Objective: Very preterm born children are at risk for impairments in multiple neurodevelopmental domains, but outcomes vary between individuals. The present study aimed to distinguish subgroups with distinct profiles of functioning across motor, cognitive, behavioral, and psychosocial domains. These profiles were related to neonatal and social/environmental factors.
Method: The sample included 1977 children born very preterm (<32 weeks’ gestation) in 2011 from the French population-based EPIPAGE-2 cohort. Using latent profile analysis, subgroups of children were distinguished based on their functioning at 5.5 years. The relation between outcome profiles and neonatal and social/environmental factors was tested using multivariable multinomial logistic regression analysis.
Results: Four subgroups with distinct outcome profiles were distinguished: no deficit in any domain (45%); motor and cognitive deficits without behavioral/psychosocial deficits (31%); primarily behavioral and psychosocial deficits (16%); and deficits in multiple domains (8%). Male sex (odds ratio [OR] = 2.1-2.7), bronchopulmonary dysplasia (OR = 2.1-2.8), low parental education level (OR = 1.8-2.1), and parental non-European immigrant status (OR = 2.3-3.0) were independently associated with higher odds for all suboptimal outcome profiles compared to the favorable outcome profile.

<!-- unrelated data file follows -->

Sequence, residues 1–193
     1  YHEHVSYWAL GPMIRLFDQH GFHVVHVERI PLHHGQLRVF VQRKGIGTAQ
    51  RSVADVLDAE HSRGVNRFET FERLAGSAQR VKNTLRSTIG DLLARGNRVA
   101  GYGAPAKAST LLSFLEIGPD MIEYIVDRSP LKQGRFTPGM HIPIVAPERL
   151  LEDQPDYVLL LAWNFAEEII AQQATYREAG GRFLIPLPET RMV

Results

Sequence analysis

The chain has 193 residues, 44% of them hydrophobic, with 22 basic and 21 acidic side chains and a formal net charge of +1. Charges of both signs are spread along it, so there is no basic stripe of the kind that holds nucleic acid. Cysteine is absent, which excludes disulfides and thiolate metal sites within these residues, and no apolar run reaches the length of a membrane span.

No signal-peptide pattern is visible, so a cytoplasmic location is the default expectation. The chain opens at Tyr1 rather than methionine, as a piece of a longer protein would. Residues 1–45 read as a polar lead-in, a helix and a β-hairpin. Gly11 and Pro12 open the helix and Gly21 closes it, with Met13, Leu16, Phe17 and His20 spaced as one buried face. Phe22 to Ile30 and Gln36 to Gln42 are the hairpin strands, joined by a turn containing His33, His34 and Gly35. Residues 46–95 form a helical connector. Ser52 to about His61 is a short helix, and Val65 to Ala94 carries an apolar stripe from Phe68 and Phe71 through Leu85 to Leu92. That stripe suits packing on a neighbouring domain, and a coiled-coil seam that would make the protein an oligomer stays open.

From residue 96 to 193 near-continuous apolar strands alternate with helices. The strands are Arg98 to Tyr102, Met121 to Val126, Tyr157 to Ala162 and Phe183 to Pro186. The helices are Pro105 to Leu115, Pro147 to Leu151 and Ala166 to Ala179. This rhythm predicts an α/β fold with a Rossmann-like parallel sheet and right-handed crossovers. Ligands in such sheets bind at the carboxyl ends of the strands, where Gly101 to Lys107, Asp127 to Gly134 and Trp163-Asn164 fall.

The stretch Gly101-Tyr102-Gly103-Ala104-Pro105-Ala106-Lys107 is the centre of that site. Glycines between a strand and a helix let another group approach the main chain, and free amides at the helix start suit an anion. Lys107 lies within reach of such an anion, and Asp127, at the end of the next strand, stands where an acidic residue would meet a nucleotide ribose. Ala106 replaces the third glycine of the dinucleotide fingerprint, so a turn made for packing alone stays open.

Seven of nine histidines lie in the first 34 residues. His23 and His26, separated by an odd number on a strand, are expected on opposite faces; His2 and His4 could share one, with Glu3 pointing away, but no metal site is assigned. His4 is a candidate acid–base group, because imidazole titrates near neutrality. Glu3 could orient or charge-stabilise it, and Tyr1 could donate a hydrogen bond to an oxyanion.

Conclusion: Among 5.5-year-old very preterm born children, subgroups can be distinguished with distinct outcome profiles that vary in severity, type, and combinations of deficits. This information is important for the development of interventions that are tailored to the needs of large subgroups of children across multiple domains of functioning. General neonatal and social/environmental factors may be useful for early identification of very preterm born children at risk for general rather than domain-specific impairments.